Genus were also showing their new Elite matte box which can take 5.65 x 5.65 filters as well as 4 x 4 and 5 x 5. It comes with a nice folding top flag as well as side flags. If you need a matte box for bigger lenses and bigger filters you should definitely take a look. The build quality is very good. Another nifty Genus product is the new lens support bracket for 15mm rods. This can support long or heavy lenses and has a 1/4″ screw to bolt to the lens or a pair of rollers that will support a big lens allowing the focus ring to rotate even if the lens does not have a proper attachment point. Clever stuff! Hopefully I will be able to get one to review properly (and the matte box).
Today I was at Samy’s Camera in Culver City running the first day of a 2 day 3D workshop. It was really busy with some well know DoP’s in attendance including Geoff Boyle, I think we had about 50 students in total. It was a fun day (apart from an LG 3D TV that refused to play ball), with some very intelligent questions being asked by the group. Tomorrow we have the second more advanced part of the course with a slightly smaller group. As soon as the class finishes I’m dashing off to the airport to fly to London to meet a courier with my F3 camera kit and then on to Berlin to shoot the Duran Duran gig at the Tempodrom on Wednesday.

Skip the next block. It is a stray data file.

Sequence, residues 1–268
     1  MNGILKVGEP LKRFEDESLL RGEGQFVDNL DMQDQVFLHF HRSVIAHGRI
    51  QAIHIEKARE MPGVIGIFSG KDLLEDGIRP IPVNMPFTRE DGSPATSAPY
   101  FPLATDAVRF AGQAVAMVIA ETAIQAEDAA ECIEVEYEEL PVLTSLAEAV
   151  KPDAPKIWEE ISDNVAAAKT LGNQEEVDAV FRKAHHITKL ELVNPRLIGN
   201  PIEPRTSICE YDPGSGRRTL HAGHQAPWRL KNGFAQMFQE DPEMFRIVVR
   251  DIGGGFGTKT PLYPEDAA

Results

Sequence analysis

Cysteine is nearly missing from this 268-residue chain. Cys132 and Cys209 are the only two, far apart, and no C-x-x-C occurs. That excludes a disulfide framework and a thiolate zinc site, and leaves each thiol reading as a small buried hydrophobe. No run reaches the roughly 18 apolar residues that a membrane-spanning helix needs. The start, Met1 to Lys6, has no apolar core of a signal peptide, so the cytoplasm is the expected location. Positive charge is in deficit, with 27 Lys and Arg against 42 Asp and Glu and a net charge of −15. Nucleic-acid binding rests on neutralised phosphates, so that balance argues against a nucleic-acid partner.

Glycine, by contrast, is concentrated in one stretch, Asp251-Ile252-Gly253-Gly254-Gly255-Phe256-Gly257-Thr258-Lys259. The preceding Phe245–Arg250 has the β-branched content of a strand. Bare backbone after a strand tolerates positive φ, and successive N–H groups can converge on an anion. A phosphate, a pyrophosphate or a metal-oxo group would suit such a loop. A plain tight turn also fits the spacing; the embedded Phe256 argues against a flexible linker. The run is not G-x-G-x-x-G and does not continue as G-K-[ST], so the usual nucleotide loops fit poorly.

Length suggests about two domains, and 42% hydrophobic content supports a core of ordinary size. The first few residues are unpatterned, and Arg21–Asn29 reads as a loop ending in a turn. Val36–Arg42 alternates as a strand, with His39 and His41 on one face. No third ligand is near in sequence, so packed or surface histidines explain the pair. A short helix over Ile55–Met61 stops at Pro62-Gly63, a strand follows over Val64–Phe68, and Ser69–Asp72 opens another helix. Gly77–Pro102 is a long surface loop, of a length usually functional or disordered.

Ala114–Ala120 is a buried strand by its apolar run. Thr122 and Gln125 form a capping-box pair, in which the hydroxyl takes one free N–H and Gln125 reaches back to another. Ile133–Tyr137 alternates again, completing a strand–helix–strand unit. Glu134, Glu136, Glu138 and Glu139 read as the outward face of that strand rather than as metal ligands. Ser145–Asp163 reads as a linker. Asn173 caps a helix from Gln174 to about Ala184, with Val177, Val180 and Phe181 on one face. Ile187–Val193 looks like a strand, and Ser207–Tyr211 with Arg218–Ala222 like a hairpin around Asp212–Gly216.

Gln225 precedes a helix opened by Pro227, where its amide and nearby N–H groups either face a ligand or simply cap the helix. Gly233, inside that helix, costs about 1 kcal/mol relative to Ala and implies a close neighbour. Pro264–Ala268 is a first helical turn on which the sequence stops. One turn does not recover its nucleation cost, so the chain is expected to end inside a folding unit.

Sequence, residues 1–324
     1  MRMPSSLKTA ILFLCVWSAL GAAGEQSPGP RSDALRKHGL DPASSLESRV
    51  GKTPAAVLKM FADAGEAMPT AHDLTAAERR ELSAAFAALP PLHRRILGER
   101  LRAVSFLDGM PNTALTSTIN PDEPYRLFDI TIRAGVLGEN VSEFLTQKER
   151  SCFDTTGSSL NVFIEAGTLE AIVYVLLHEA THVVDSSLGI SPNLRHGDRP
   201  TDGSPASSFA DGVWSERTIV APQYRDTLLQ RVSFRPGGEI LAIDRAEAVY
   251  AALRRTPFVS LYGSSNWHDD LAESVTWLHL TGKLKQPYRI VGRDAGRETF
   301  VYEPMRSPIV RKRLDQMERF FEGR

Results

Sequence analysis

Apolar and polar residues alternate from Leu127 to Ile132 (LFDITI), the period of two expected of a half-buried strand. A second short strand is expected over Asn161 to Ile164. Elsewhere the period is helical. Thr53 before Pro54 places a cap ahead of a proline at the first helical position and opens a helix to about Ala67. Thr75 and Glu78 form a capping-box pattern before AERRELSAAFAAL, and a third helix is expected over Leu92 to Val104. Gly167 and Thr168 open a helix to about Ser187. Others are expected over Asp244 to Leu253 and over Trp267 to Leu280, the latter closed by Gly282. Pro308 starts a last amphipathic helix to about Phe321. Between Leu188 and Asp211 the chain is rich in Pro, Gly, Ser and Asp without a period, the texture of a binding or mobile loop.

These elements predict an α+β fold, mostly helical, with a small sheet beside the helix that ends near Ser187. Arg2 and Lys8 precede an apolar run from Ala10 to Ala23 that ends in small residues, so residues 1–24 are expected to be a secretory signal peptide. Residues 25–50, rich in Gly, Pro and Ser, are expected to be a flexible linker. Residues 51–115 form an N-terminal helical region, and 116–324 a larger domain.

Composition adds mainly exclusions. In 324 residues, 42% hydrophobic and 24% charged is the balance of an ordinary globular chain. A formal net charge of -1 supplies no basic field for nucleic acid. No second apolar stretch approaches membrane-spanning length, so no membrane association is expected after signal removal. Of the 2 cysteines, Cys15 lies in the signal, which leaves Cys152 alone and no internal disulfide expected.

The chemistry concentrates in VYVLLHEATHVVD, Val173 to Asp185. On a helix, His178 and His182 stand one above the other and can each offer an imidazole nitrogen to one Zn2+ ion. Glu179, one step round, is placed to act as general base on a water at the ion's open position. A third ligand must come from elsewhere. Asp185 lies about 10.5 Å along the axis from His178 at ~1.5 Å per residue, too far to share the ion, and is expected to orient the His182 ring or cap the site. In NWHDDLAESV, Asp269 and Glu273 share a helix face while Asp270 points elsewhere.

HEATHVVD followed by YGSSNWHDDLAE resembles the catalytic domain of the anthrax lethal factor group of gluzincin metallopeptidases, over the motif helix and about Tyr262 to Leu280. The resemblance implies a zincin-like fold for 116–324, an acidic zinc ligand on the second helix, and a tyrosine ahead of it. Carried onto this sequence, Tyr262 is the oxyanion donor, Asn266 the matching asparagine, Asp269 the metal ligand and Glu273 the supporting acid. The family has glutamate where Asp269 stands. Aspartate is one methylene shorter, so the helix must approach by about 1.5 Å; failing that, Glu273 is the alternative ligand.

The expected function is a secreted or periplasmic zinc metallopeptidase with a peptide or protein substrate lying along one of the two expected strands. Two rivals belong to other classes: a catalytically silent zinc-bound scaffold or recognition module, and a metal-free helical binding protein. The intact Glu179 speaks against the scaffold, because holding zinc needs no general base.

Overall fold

What do you think of the new look to the website? I was getting bored with the old look. This is a little more interesting. Any issues or problems do let me know. Coming soon I will have a review of the Vinten 100 tripod head (big thumbs up) and a SxS to SD adapter card from Sonnet, plus hopefully the full Duran Duran story.
I shall be in LA with the Genus Hurricane Rig for Cinegear at the beginning of June. Then on June the 5th and 6th I am running a two day 3D workshop where you can gain full certified Hurricane Rig accreditation. The normal fee for the full two days is $500 USD however if you purchase a hurricane rig between now and then the course is free and you get the option to do the second day hurricane rig accreditation workshop again for free. If you just want to attend the first day and the intro to 3D workshop then you can attend for just $50. Make any purchases at Samy’s totalling $500 or more and the day is free. Lunch will be provided and it should be a lot of fun as well as an interesting insight into the world of S3D. See http://www.samys.com for more details.
Camera setup, reviews, tutorials and information for pro camcorder users from Alister Chapman.